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DIE WELT (Germany)

Worldcrunch

BERLIN - A 25-year-old track layer was fired by Berlin's public transportation company BVG for smoking hash on the weekend, Die Welt reports. A court decision in the Denny W. case could set a precedent in German law with regard to whether an employee in a sector where public safety is an issue can consume recreational drugs -- off job premises, in their free time -- that may still be in their system when they return to work.

The case emerged after Denny W. applied for an additional job qualification as truck driver, and needed to pass a medical to get the license. The doctor refused to clear him based on the results of urine analysis and drug screening, and also questioned his suitability for his track-laying job. After a follow-up set of tests yielded the same results, Denny W. was fired. The BVG cited concern for safety as the reason, Die Welt reported.

The court will announce its verdict on August 28.

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FOCUS: Russia-Ukraine War

Searching For Marianna, A Pregnant Doctor From Mariupol Held Captive By The Russians

We’ve heard about the plight of the soldiers-turned-prisoners from Mariupol. Here are some traces of the disturbing fate of a young female doctor who’s been taken away.

A paper dove reads "Mariupol" at a shelter for displaced children in Uzhhorod, western Ukraine.

Paweł Smoleński

"Wait for me, because I will return…"

Marianna Mamonova wrote these words to her family, among the text messages and short phone calls that are the only remaining fragments used to piece together her recent past. We also have a photo of her, posted on Russian websites, where she looks into the lens, gaunt and exhausted, signed with a number like a concentration camp prisoner.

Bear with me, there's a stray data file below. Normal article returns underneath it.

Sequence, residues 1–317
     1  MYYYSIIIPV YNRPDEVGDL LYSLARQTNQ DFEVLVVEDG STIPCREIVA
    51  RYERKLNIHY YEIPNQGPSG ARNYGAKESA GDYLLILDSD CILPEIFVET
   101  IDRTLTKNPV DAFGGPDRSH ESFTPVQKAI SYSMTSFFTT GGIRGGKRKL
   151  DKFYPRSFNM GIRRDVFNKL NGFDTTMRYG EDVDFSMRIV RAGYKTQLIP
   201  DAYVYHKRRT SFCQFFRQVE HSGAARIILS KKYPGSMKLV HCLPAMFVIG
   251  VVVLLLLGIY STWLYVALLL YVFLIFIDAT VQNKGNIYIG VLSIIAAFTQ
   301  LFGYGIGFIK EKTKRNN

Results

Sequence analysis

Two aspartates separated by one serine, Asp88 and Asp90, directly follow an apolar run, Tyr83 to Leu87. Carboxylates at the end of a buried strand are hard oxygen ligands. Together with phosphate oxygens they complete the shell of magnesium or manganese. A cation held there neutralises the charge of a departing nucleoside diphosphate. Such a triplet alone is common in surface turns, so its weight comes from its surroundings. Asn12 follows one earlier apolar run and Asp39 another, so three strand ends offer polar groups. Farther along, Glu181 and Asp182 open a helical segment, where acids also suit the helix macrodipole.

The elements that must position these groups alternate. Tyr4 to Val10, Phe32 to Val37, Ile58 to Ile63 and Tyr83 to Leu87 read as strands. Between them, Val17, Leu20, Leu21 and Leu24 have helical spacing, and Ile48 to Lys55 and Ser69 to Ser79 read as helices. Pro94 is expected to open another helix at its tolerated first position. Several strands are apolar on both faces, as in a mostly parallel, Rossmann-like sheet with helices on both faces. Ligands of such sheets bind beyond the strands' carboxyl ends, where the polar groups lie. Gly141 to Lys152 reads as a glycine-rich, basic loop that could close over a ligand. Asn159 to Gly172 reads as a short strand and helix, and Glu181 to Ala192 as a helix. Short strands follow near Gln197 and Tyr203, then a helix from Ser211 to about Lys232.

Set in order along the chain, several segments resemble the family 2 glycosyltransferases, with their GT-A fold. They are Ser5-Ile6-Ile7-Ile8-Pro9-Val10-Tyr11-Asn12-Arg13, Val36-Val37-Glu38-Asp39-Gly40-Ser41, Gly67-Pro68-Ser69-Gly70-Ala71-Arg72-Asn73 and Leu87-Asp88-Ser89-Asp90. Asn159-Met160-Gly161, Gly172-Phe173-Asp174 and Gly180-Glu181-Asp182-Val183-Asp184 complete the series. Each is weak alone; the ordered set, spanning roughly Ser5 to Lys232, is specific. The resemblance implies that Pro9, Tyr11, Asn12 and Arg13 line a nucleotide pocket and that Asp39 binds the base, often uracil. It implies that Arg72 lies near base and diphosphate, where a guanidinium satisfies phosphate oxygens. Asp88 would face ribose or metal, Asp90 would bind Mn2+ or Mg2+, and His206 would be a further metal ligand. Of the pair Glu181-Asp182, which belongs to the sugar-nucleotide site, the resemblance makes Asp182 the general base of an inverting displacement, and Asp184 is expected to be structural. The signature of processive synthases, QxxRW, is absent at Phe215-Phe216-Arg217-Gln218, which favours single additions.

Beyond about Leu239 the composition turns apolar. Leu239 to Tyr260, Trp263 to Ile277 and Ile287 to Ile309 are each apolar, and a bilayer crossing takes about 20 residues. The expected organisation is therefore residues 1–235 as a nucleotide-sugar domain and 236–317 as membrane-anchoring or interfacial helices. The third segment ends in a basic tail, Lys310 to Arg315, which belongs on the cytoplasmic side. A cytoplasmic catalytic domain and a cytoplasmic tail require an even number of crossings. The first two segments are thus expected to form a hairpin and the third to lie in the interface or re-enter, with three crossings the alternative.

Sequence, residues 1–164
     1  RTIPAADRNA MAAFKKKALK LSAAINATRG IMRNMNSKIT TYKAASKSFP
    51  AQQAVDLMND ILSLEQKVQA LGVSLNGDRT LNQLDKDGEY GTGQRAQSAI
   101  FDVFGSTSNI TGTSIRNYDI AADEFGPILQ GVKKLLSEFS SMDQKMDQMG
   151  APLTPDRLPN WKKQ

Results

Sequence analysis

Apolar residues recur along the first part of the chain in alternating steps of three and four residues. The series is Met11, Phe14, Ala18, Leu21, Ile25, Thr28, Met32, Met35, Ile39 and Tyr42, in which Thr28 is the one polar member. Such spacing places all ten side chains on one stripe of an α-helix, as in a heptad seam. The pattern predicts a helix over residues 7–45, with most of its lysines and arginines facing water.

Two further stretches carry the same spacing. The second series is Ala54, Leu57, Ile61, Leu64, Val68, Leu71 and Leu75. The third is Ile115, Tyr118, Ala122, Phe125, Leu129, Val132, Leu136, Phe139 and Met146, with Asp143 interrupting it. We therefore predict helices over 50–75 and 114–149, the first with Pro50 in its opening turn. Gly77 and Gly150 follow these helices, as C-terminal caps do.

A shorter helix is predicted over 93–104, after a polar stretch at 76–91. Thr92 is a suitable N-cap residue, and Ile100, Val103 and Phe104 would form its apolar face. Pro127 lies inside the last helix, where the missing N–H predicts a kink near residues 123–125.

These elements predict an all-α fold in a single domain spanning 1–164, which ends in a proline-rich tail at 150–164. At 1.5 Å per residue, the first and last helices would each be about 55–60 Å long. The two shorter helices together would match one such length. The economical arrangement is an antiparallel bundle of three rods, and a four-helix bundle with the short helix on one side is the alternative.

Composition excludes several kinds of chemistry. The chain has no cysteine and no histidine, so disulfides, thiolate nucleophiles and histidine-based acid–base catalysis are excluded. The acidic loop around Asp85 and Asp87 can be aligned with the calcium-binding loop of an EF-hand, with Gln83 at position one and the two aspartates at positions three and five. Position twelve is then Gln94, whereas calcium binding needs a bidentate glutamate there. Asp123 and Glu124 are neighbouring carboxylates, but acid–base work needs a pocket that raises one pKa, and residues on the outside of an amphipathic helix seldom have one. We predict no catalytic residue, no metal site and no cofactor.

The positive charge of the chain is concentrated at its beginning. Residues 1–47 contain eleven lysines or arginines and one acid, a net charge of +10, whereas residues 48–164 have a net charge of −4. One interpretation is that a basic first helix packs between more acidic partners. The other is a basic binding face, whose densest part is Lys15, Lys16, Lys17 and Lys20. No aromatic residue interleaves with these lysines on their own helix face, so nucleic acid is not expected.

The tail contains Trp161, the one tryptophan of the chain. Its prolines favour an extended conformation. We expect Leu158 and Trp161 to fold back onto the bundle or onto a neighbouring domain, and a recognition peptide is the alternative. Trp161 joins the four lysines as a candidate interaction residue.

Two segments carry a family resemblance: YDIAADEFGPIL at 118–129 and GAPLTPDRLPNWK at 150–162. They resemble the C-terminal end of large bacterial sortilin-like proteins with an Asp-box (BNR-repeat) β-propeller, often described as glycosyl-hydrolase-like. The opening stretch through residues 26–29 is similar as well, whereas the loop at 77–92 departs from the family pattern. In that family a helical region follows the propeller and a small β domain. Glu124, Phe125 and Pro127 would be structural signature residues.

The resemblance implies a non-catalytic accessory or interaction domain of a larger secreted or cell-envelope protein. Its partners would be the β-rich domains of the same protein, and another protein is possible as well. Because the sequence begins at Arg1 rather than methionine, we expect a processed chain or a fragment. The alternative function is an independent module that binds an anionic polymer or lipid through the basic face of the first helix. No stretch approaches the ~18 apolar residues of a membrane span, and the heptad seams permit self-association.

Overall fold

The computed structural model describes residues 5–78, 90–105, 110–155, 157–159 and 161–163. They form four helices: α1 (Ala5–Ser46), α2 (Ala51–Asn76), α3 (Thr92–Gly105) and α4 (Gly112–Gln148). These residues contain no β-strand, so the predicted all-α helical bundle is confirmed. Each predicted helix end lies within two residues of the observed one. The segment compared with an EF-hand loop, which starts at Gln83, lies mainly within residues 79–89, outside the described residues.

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Until the Russian-Ukrainian war, Mamonova’s biography was available to anyone who wanted to know. She was born in 1991, studied at the Ternopil Medical University, and later at the Kyiv Military Academy. After completing her studies, she was sent to work in the coastal city of Berdiansk. Her mother says that this is where her daughter's dream came true: She’d always wanted to be a military doctor, and worked in Berdiansk for three years, receiving the rank of officer in the Ukrainian army.

Beginning in 2014, she’d worked stints as a front-line doctor in the Donbas region, and when Russia invaded Ukraine in February she went to war again. This time in Mariupol.

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Central to the tragic absurdity of this war is the question of language. Vladimir Putin has repeated that protecting ethnic Russians and the Russian-speaking populations of Ukraine was a driving motivation for his invasion.

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